FORTUNE -- The Federal Reserve on Wednesday pressed ahead with its stimulus program of asset purchases and low interest rates. Yup, as widely expected (and reported), the end of its two-day meeting was pretty much a snoozer: For the most part, the central bank made few changes to its description of the state of the economy, saying that it has "continued to expand at a moderate pace" and job markets "have shown further improvement."
What's interesting, however, is that policymakers slightly changed their views of the housing industry, acknowledging that the recovery has "slowed somewhat in recent months." It was only at its last meeting in September when the central bank said the housing industry was "strengthening."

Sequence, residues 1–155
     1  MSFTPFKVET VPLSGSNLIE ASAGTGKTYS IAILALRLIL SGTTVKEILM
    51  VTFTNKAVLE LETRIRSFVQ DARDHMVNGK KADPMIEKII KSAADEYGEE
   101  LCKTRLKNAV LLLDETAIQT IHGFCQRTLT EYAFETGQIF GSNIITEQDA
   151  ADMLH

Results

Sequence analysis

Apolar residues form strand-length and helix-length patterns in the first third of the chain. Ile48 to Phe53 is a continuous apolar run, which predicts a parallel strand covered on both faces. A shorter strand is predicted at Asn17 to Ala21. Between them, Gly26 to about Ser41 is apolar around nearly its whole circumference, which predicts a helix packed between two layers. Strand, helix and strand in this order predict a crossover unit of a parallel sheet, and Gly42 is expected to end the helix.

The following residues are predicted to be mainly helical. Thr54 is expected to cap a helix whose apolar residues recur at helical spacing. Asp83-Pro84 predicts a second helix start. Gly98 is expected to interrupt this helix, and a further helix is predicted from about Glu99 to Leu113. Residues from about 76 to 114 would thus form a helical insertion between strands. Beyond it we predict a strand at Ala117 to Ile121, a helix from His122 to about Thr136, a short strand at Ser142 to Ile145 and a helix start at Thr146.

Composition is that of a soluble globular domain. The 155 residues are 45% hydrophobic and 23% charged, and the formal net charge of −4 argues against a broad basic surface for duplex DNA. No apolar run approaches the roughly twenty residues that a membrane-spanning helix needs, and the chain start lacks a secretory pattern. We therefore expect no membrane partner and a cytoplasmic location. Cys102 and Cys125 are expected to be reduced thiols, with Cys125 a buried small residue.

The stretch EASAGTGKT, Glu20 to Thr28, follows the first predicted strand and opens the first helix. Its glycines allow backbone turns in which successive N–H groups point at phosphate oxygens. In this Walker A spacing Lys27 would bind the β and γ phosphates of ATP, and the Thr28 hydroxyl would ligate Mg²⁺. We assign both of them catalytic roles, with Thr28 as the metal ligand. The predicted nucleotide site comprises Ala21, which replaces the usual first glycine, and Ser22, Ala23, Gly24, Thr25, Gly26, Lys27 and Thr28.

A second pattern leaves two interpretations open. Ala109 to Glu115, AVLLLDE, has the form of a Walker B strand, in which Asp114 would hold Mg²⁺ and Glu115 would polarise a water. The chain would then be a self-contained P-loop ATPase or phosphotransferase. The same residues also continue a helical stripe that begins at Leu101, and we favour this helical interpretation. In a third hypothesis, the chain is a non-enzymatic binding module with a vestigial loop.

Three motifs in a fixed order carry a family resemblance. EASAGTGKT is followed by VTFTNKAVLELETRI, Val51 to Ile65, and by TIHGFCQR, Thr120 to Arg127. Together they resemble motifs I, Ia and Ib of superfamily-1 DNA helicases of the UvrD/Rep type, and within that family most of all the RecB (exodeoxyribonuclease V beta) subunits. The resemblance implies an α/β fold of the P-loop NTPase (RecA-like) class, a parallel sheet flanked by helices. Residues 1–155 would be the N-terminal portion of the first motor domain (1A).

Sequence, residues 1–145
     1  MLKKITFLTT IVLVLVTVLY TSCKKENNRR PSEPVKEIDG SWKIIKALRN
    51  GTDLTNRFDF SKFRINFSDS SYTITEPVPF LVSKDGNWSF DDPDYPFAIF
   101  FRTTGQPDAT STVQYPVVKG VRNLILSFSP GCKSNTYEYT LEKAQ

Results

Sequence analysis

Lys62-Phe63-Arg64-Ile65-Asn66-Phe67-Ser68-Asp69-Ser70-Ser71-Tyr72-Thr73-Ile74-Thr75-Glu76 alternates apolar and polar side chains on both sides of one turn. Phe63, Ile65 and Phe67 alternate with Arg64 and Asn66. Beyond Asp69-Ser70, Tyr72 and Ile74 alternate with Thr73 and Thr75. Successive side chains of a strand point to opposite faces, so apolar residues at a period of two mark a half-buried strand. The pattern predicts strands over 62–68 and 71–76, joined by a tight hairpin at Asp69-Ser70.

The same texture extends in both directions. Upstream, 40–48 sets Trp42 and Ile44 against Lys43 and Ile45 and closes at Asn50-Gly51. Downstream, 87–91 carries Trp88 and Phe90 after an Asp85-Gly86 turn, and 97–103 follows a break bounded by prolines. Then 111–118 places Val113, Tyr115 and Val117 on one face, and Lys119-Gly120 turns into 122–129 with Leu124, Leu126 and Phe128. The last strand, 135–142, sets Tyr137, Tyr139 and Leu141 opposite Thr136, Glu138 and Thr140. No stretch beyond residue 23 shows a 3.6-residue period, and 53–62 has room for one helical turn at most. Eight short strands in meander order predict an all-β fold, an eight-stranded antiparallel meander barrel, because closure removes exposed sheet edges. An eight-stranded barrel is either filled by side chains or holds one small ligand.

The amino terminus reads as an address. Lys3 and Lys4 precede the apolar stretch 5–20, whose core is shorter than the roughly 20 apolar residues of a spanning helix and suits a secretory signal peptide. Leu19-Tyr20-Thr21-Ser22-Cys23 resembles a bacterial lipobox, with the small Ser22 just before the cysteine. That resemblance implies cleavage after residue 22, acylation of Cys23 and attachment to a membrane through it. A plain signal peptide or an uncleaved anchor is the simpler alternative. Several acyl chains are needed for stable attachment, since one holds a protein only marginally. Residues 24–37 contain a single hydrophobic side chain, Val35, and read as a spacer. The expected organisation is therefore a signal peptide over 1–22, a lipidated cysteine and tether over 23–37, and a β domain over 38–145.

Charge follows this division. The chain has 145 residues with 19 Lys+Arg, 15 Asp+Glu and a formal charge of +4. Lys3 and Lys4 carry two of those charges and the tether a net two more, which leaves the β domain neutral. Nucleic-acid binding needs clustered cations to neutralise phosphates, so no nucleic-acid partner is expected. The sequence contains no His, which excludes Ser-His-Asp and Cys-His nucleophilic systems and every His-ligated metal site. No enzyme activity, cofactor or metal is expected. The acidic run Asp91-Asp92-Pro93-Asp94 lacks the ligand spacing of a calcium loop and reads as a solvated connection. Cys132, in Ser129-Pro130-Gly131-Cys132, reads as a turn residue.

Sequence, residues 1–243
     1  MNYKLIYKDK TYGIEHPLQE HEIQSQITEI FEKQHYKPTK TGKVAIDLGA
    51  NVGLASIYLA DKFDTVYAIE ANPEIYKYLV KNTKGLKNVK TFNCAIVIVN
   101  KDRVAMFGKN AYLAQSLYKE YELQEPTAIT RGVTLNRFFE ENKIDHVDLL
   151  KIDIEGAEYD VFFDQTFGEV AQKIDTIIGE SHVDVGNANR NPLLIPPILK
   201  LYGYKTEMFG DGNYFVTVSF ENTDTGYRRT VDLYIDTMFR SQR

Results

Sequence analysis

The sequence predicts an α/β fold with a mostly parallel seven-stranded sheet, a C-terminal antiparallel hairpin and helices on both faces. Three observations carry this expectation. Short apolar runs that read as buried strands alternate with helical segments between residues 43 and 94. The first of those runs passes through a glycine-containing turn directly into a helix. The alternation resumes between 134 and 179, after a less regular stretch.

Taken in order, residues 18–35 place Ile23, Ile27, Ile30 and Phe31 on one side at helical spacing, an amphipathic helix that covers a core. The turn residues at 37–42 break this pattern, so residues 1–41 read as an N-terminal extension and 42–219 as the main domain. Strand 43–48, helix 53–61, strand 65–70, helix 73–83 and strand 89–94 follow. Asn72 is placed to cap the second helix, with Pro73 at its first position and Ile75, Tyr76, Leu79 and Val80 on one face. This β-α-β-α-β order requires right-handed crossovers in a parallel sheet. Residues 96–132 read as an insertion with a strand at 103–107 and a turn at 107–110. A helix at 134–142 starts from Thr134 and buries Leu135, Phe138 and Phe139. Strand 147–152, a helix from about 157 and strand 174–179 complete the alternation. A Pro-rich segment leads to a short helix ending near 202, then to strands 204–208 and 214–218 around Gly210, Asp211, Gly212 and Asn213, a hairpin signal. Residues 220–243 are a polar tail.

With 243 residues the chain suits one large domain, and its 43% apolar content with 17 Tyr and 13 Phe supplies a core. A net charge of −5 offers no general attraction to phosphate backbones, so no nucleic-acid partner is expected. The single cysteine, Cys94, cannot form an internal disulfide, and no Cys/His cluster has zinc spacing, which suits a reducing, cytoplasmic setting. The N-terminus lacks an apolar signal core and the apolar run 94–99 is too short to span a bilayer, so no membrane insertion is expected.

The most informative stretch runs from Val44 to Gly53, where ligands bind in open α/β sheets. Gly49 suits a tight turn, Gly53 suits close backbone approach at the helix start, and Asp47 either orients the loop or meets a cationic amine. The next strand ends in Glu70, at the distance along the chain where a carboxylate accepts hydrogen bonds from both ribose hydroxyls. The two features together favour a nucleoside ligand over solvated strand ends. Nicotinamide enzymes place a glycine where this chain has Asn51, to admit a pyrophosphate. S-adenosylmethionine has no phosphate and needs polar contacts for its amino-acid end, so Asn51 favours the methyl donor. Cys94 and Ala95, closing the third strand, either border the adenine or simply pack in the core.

Whatever the Fed's take, it would be short-sighted to read too much into it. After all, what the central bank chooses to say and not say is puzzling. Even though the government shutdown cost the U.S. economy billions of dollars, it made no direct mention that Uncle Sam was partially out of business for more than two weeks.
And yet, the Fed chose to bring up the state of the housing market. True it has modestly slowed down, but that's inconsequential because the recovery is nowhere near reversing. Home prices are rising more slowly now than in the spring, but they're still climbing fast, writes Jed Kolko, chief economist at real-estate website Trulia.
One main reason: Nationally, and in all of the 100 largest metro areas, it's still significantly cheaper to buy than rent, Kolko says. Mortgage rates have made buying more expensive; the 30-year fixed rate is now 4.8% compared with 3.75% a year ago. And as a result, the cost gap between buying vs. renting has narrowed. A year ago, it was 45% cheaper to buy than rent in the U.S. That has fallen to 35% today, but the cost incentive to buy is still substantial.